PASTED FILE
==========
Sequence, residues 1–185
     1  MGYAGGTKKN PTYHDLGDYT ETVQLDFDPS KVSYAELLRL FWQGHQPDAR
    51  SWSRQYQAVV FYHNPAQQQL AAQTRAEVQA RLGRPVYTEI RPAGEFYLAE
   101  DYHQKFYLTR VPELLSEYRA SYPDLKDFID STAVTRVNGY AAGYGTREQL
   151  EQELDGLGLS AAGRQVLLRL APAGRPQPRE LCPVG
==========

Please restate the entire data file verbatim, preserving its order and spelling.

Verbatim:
Sequence, residues 1–185
     1  MGYAGGTKKN PTYHDLGDYT ETVQLDFDPS KVSYAELLRL FWQGHQPDAR
    51  SWSRQYQAVV FYHNPAQQQL AAQTRAEVQA RLGRPVYTEI RPAGEFYLAE
   101  DYHQKFYLTR VPELLSEYRA SYPDLKDFID STAVTRVNGY AAGYGTREQL
   151  EQELDGLGLS AAGRQVLLRL APAGRPQPRE LCPVG